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December 06, 2001

Our games can wait
By Rob Dibble

In seeing what America is going through right now, I can't imagine that anyone "needs to be entertained." And nearly all of the major sporting institutions seem to agree; throughout the day Thursday another cancellation or postponement was announced. Our games can wait.

How do we balance our need to go on with our need to remember? When we get back to playing our games, I'd like to see them dedicated to the people who tragically died and to their families.
As a former Major League Baseball player and a former entertainer, I knew when we played the 1991 baseball season that it was for more than just wins and losses. In some ways, what happened Tuesday in New York and Washington and Pennsylvania reminded me of the start of the Gulf War and going to spring training with the country still at war.

We ended up finishing the season with troops still in the Middle East. I also remember that First Lady Barbara Bush spoke to us at the 1990 World Series.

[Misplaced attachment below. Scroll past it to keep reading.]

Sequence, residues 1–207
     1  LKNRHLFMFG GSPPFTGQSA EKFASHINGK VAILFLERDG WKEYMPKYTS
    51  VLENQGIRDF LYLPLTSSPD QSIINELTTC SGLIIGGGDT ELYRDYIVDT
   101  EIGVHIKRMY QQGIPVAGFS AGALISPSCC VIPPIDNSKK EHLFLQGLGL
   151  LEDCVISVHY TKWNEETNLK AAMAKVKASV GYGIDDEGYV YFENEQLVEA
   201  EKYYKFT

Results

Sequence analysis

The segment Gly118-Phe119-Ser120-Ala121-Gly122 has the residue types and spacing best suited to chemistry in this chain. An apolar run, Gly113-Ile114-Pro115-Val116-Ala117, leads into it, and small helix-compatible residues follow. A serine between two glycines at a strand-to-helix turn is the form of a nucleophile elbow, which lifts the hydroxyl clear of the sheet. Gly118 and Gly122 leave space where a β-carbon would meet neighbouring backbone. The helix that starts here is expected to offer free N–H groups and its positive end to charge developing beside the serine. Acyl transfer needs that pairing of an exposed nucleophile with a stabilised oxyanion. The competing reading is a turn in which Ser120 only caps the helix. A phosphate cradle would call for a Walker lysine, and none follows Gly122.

I remember being as proud then as I am now to be an American. I know each and every one of us was playing for those soldiers. I know what it meant to us to wear American flags on our chests, representing why our men and women were fighting: for us and for our safety and our freedom.

I know I speak for every American who is praying for the families of all the victims, both alive and dead. We are faced with difficult decisions about how and when to honor our fellow Americans. When do we play our games again? How do we balance our need to go on with our need to remember? How do we show these despicable terrorists that they have not defeated us while acknowledging the reality of the destruction and the lives that were lost?

During 1991 I received lots of cards and letters from service people at home and abroad. One common thread was that I and my fellow baseball players, in the smallest of ways, made these heroes think of home, freedom and the American way. Baseball, football, golf, whatever. It doesn't matter what sport it is. What matters is that they are American and are a small reminder of the freedoms we enjoy in this country, the freedoms that were attacked on Tuesday.

When we get back to playing our games, I'd like to see them dedicated to the people who died in New York, Washington and Pennsylvania and to their families -- and to the men and women who will once again fight to protect our rights as Americans.

So we shouldn't be talking about when we will play again. That will take care of itself. We will know when it's time. As a country, let's talk about, and remember, some of the reasons why we play.

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